In 2017, we expect this picture to change quite a bit. We hope we’ll receive grants, reducing our dependence on founders’ donations. We expect that we’ll spend less on professional services and more on hosting as we take on more projects and move additional IF community services to IFTF’s servers. We also intend to begin tracking in kind donations so we can give the community a sense of how much time volunteers have spent supporting us.

In a year’s time, our 2017 transparency document will have a lot more to say. We’re proud of the work we’ve done at IFTF so far, pleased to be able to transparently share our budget with the IF community, and excited for this year’s challenges!

One of the goals of the IFTF Twine committee for 2017 is to help preserve Twine works on the web. Part of this entails working with community sites that host Twine works to ensure that the content that has been posted there — Philomela, as just one example, hosts more than 10,000 Twine works — doesn’t disappear one day. We should have some news to announce on that front later in 2017.

But there’s another aspect to this goal that is just as important, and unfortunately slippier to achieve. Things were a lot simpler in the past. The Internet IF hobbyist community in the 1990s revolved around three places:

  1. The Usenet group rec.games.int-fiction, discussing IF from a player’s point of view. (If you don’t know what a Usenet group is, ask your parents.)

  2. rec.arts.int-fiction, the same, but for authors.

  3. Most centrally, the IF Archive, originally housed at Gesellschaft fuer Mathematik und Datenverarbeitung mbH Bonn, a German research institution, now at ifarchive.org.

(You could certainly make an argument for a fourth place, ifMUD, but it didn’t arrive until 1997, which in this context is relatively late.)

The IF Archive was, and remains, the best resource for interactive fiction software. It was where Inform, TADS, and countless other authoring software was available for download; it was also the definitive place for games created by the IF community. And so making sure that that portion of interactive fiction history isn’t lost isn’t that difficult; all that’s needed is a reliable backup.

The situation nowadays is more complex. The community has blossomed and decentralized. It’s quite possible to be immersed in the IF world without ever touching the IF Archive at all. There are many folks happily creating IF with Web-based tools like Twine, Texture, and Undum and posting them to places that aren’t backed up the same way the IF Archive is— places like Dropbox or Google Drive. Works hosted in cloud storage are at a high risk for disappearing; all it takes is for the author’s account to be deleted, a change of terms of service, or even the service itself shuttering for the work to be lost.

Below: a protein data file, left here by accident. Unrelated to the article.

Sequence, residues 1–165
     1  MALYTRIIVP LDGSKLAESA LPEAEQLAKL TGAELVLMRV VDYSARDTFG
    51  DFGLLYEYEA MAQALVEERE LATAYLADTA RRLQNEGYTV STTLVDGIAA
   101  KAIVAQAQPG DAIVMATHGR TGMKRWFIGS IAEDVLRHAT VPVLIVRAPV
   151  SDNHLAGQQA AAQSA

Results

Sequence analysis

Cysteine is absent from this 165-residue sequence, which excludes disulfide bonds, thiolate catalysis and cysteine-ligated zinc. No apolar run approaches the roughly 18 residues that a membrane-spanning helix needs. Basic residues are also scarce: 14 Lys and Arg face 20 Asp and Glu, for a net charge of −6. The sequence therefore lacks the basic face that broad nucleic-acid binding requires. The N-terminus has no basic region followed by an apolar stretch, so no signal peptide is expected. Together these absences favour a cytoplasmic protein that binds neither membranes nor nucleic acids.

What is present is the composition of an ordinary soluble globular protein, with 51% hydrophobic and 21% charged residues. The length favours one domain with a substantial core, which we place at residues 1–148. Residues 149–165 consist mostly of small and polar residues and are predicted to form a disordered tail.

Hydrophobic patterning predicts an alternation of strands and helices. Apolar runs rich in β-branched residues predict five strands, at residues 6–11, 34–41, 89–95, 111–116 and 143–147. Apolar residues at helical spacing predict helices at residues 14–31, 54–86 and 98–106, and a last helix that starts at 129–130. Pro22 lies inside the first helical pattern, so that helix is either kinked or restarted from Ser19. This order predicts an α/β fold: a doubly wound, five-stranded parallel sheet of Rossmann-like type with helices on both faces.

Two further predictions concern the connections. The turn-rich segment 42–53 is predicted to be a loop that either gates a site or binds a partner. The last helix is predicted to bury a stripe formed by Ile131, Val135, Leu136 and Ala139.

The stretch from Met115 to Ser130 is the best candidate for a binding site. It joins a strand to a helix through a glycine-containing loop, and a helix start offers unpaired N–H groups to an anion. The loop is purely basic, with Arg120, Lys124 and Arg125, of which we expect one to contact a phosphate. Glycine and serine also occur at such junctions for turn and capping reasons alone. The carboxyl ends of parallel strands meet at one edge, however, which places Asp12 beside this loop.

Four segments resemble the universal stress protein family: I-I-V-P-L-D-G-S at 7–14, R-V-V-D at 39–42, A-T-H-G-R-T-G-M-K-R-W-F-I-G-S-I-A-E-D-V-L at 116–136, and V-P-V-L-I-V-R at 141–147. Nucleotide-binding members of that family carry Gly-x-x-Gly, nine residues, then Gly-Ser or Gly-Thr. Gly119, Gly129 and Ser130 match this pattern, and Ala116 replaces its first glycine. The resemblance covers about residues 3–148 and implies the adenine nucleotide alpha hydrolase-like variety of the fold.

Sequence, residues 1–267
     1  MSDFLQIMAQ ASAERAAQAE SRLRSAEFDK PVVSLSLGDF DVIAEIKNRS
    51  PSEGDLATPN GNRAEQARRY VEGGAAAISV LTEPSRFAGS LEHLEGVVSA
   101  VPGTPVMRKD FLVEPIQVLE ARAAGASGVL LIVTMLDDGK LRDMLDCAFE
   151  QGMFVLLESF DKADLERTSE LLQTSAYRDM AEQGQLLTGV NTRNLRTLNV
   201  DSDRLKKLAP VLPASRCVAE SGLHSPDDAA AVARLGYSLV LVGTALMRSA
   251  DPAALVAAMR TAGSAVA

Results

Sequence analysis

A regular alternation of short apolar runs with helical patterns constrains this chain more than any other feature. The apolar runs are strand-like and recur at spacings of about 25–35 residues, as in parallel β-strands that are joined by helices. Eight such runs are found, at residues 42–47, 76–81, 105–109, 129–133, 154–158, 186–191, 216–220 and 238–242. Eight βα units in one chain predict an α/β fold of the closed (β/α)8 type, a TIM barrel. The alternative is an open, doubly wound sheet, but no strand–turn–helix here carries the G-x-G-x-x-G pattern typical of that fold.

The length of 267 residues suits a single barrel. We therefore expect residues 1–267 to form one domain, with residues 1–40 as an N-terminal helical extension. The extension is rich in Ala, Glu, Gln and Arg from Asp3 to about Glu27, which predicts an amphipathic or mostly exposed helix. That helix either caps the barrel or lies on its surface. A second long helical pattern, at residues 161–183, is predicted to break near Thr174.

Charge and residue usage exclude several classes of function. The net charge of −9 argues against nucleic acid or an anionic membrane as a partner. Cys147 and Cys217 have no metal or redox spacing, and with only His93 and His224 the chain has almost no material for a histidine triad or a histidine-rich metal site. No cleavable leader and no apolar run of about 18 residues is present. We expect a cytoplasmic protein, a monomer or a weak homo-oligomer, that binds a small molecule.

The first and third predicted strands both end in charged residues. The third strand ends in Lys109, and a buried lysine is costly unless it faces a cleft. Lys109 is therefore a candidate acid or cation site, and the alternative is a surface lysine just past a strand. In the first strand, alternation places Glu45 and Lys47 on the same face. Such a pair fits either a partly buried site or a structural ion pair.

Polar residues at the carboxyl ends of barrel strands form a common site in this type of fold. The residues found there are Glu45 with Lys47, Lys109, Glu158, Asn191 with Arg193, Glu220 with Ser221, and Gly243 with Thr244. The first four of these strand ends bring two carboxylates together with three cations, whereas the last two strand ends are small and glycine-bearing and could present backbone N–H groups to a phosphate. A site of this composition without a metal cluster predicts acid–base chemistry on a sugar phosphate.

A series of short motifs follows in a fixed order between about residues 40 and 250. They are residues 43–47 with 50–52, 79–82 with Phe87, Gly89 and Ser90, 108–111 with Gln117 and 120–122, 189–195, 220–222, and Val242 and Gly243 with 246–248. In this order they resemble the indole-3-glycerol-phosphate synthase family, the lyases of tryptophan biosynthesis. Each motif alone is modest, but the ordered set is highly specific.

The IFTF Twine committee is considering ways to get the message out to authors, but in the meantime, here’s a simple plea for help. If you run into a web-based IF work that you love, encourage the author to submit it to the IF Archive. By doing so, you’ll help ensure it’ll be around to enjoy for years to come.

Last week, Carolyn wrote about how far we’ve come in 2016. (From non-existence to existence, which is by definition the longest possible distance!) This week I’ll say a little about where we’re going in 2017. Thus, there is balance.

I’m not going to lay down a timetable, because this project of ours is developing at its own pace. “Its own pace” can be frustrating. It’s terrific and energizing to sit down for a (videochat) meeting and talk about where we are, but the fact is that we all have jobs and/or other life commitments, so IFTF only gets so much time per week. That’s going to still be true in 2017, and in 2018 for that matter.

But we look back: we have gotten things done. Therefore, we apply inductive logic and convince ourselves that more things will get done. The Twine committee and the testathon committee are in flight. IFComp will return in the summer.